Game of Hide and Seek

Photo: Artificial Hand. Credit:  Possessed Photography/Unsplash
Photo: Artificial Hand. Credit: Possessed Photography/Unsplash

Future of AI-Fueled Non-Authentic Behavior Online

Walter Schmidt. The profile looked just like any other middle-aged father of two children somewhere from the Dresden area in Germany. Despite this first look, NADS (Non-Authentic Defence System) an AI-controlled software deployed by NATO to identify non-authentic behavior online tagged it as highly suspicious, with 73% probability of it being a bot. Ginny Berwick, an officer of the NATO Disinformation unit sighed. Since the bots were merged with advanced AI and machine learning capabilities, it became increasingly difficult to distinguish between them and real profiles.

Problems began to arise around mid-2025 when secret services learned about a new and powerful cyber instrument called simply AIB (Artificial Intelligence Bots). AIB most likely originated from Eastern Europe and allowed for a dramatic increase in the ability of bots to camouflage their activities. The software rapidly proliferated and soon a number of rogue international actors began using it to shift public opinion in target countries.

It became a game of cat and mouse. With the new system, bots were now able to create extremely sophisticated networks helping them to remain undetected. What is more, machine learning caused their tactics to constantly evolve, reacting to NATO members' attempts to fight them and thus requiring constant development of new anti-bot strategies to limit their numbers.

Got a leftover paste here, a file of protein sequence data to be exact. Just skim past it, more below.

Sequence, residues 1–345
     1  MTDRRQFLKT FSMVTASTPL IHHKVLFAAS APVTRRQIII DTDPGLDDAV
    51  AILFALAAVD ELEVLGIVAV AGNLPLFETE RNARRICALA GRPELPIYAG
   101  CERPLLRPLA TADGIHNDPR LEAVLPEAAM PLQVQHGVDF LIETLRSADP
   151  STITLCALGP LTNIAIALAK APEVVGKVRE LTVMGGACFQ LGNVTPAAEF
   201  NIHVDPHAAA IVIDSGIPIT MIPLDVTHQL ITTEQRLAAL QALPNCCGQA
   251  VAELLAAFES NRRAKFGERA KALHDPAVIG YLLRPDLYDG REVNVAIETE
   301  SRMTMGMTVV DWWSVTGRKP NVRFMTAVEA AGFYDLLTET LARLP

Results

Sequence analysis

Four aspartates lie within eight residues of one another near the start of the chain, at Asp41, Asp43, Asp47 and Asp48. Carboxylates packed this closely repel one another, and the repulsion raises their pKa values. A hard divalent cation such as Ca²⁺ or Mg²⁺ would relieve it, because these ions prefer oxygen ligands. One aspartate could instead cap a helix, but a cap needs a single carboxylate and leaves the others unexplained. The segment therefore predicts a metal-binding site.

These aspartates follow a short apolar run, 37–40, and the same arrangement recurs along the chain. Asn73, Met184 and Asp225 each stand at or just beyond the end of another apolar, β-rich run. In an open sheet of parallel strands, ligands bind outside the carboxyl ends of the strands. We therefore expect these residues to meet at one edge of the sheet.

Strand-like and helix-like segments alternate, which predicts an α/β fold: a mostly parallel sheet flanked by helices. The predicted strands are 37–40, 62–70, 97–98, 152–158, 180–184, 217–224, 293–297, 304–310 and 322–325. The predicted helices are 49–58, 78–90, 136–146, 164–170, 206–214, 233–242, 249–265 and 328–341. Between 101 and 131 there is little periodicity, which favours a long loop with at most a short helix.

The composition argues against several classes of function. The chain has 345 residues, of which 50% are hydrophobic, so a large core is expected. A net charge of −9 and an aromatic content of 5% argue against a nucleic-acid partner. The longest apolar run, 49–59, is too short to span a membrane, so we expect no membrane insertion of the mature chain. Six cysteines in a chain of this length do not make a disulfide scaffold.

Previous ways to identify inauthentic behavior rapidly became obsolete. Bots began using untraceable images on their profiles, and had a number of seemingly credible “friends” in their networks. AIB also introduced an automatic messaging system. Bots were now holding conversations between each other about various subjects, making it even harder for researchers to prove them inauthentic. The worst part was their ability to focus on objectives with more patience than bots from just a few years ago. Bots were no longer spamming dozens of comments to start a conflicting exchange with the target audience. Nor were they sharing a large amount of propagandist content on their profiles. Instead, they have adopted a “lingering approach”, slowly, but surely spreading their misleading messages.

After a few minutes of thinking, officer Ginny Berwick finally decided what to do about the Schmidt profile and clicked a red “suspend” button on her screen. “Are you sure you want to finish your action?” popped up. She hesitated for a moment, but eventually confirmed her decision.

Social media immediately received the demand and trusting NATO’s analysis approved the request, temporarily disabling the account. Walter Schmidt soon complained on different platforms, saying he was a real person and anti-West political activist. His case was soon shared by a number of actual bots to showcase “western censorship” and to fuel anti-NATO sentiment. The social media later apologized and made the account accessible again.

Eventually, only two questions remain unanswered - Was Walter Schmidt a real person or a bot? Either way, would it make any difference in this scenario?